Oil Prices Fell – Wednesday, May 1, 2019
Oil Prices Fell on Wednesday after a report showed a rise in U.S. crude inventories, but global markets remained tense amid an intensifying political crisis in Venezuela, tightening U.S. sanctions on Iran, and ongoing OPEC supply cuts.
Brent crude oil futures were at $71.59 per barrel at 0402 GMT, down 47 cents, or 0.7 percent, from their last close.
U.S. West Texas Intermediate (WTI) crude futures were down 60 cents, or 0.9 percent, at $63.31 per barrel.
Trading was thin as May 1 is a holiday in many markets.
U.S. crude stocks rose by 6.8 million barrels to 466.4 million barrels in the week to April 26, industry group the American Petroleum Institute (API) said on Tuesday.
“Crude prices are off … after the weekly API oil inventory report showed a build of 6.8 million barrels, up from the draw of 3.1 million barrels we saw last week,” said Edward Moya, senior market analyst at futures brokerage OANDA.
Market focus was shifting, however, to the crisis in major oil producer Venezuela, where there is a standoff between President Nicolas Maduro and opposition leader Juan Guaido. Many observers fear this could lead to escalating violence and further disruptions to crude supply.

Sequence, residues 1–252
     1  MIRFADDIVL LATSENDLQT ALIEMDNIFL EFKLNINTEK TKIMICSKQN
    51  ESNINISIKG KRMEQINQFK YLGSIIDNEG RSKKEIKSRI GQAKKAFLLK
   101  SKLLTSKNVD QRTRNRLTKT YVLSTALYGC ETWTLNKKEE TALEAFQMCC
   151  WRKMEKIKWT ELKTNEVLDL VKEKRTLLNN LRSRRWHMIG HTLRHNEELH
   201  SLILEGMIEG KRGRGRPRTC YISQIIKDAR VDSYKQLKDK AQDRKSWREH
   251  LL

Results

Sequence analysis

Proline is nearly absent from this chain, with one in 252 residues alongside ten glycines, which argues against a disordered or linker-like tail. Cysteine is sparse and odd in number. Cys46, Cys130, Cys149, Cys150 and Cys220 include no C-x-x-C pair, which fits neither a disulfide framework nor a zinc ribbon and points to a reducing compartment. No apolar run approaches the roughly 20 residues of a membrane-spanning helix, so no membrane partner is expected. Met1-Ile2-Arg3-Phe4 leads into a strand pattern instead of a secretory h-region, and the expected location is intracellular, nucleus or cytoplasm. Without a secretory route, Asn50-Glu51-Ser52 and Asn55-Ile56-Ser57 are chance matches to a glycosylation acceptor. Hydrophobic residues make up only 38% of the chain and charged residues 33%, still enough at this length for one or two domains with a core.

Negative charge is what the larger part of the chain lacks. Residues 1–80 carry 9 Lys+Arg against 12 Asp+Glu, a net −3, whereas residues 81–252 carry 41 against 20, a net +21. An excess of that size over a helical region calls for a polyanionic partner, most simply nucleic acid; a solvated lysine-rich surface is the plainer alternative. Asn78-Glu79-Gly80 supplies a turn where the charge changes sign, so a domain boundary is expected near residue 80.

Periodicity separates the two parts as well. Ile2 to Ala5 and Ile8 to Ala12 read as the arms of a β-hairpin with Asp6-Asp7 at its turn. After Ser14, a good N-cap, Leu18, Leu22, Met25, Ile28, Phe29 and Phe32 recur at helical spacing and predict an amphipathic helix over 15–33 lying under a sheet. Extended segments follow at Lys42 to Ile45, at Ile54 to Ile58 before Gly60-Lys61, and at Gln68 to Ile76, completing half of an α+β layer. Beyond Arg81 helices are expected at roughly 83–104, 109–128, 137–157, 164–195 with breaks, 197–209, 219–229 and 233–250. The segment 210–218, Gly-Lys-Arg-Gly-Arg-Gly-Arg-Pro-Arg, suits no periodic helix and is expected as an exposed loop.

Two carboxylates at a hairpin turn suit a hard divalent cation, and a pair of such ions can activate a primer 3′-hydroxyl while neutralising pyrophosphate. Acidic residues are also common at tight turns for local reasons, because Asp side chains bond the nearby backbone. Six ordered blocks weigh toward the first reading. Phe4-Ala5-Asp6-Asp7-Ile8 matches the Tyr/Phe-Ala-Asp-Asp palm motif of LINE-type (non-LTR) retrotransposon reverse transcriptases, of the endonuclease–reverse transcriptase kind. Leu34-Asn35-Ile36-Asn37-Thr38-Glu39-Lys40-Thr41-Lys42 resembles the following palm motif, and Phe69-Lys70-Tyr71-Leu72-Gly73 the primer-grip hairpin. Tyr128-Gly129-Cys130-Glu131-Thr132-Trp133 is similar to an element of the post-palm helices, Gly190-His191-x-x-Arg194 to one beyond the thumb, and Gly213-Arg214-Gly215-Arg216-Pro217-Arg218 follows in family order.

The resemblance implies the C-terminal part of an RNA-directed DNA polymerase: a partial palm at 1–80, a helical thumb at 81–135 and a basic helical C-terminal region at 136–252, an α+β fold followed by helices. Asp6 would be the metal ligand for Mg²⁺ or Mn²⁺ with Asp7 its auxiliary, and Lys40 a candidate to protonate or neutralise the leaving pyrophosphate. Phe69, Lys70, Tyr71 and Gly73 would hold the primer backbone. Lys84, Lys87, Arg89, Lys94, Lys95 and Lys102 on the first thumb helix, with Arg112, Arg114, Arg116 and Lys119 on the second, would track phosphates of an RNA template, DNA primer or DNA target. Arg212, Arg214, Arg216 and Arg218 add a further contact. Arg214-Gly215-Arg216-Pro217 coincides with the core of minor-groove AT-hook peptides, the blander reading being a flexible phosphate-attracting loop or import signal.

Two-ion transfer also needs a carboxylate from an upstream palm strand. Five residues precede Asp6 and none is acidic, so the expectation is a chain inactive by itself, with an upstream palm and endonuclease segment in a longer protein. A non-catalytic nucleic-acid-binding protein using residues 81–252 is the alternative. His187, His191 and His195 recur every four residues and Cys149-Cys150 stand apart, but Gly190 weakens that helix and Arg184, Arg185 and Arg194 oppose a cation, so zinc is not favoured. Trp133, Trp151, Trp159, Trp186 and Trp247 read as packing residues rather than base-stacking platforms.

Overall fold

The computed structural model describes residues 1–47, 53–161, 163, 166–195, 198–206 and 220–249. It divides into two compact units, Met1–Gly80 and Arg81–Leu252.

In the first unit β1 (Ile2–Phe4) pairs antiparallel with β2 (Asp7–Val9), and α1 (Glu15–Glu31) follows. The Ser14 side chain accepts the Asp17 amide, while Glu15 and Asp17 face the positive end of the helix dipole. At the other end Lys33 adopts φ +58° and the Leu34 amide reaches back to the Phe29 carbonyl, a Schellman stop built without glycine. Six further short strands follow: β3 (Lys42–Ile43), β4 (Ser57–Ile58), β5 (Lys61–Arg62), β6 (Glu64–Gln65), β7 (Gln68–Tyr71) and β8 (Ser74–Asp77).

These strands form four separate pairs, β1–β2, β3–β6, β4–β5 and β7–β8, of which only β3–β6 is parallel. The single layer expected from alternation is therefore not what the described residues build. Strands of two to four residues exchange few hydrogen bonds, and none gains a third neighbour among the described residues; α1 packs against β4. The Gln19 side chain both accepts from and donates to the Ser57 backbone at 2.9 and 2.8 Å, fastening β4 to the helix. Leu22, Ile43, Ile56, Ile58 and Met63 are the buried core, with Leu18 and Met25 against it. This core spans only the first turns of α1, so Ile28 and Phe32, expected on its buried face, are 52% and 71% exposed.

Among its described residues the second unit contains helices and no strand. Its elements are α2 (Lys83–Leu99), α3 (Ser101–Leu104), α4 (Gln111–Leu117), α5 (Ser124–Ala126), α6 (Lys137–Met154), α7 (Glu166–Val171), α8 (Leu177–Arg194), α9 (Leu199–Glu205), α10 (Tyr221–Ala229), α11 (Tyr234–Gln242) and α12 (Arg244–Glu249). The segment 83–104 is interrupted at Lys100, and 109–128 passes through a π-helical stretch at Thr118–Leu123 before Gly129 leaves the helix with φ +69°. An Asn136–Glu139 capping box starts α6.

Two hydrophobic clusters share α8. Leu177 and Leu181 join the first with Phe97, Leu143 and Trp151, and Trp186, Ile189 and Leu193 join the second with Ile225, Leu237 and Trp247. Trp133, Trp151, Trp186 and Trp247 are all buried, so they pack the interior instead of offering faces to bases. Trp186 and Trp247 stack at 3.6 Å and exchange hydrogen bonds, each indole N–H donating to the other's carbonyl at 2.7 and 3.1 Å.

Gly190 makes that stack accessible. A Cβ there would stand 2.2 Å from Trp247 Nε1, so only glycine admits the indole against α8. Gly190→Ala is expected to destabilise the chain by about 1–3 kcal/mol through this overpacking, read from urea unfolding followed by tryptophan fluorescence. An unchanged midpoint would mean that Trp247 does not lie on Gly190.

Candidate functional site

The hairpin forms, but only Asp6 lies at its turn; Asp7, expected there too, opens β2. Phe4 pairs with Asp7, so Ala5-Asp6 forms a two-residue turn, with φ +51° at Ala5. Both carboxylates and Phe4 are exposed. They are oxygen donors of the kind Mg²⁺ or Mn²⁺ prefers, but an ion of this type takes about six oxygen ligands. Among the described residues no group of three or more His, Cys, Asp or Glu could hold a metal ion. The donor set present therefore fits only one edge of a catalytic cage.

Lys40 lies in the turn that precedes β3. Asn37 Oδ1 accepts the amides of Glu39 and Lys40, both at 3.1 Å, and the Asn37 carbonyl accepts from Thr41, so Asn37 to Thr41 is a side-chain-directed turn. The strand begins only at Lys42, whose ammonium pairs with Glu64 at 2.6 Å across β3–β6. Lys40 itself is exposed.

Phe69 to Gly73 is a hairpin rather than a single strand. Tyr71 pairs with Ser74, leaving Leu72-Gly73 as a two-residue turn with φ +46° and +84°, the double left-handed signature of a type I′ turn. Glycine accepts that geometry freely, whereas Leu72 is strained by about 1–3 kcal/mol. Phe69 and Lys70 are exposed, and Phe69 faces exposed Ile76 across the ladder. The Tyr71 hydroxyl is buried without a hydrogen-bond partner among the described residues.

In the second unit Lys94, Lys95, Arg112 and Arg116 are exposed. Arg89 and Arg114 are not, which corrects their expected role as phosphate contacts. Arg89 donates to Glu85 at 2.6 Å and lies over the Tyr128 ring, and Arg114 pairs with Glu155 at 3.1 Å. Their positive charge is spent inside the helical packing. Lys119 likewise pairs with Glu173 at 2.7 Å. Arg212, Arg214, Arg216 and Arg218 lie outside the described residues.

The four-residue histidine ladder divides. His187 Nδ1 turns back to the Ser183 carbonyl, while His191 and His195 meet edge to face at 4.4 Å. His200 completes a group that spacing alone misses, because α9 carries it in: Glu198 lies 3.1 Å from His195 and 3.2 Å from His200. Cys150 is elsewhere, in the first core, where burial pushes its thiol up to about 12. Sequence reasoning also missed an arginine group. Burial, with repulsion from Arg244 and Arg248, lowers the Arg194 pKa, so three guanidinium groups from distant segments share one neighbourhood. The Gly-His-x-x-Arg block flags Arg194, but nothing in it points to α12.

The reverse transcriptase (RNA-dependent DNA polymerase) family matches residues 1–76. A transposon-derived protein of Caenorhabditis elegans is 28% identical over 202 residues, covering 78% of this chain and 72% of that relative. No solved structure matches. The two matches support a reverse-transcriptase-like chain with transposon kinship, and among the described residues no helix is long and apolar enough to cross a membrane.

Oil markets already tightened this year due to supply cuts led by the Organization of the Petroleum Exporting Countries (OPEC) as well as U.S. sanctions on Iran’s oil exports.
Washington re-imposed sanctions on Tehran last November, but initially allowed its major buyers to limited imports for another six months.
These exemptions expire on Wednesday, and Washington has said it will not extend any waivers as it aims to drive down Iranian crude exports to zero.
“The Iran sanctions come on top of already fragile supplies and raise concerns about tightening markets,” said Norbert Ruecker, head of research at Swiss bank Julius Baer.
Some analysts, though, say global oil markets are still amply supplied.
Stephen Innes, head of trading at SPI Asset Management, said OPEC “could quickly compensate the losses from Iran supplies.”
OPEC is due to meet in June to discuss its production policy, and while Washington has put pressure on the group to increase output to make up for the shortfall from Iran, OPEC’s de-facto leader Saudi Arabia said on Tuesday it had no immediate plans to raise output.
Ruecker said despite this OPEC’s “petro-nations are unlikely to maintain their supply curbs” as U.S. pressure on them to raise output would rise amid surging gasoline prices.
Rising U.S. output, which has already jumped by around 2 million barrels per day (bpd) over the past year to a record 12.2 million bpd, may also ease market tightness.
“Activity is picking up and oil production is set to accelerate again,” Ruecker said, adding that these factors will prevent a prolonged oil price rally.
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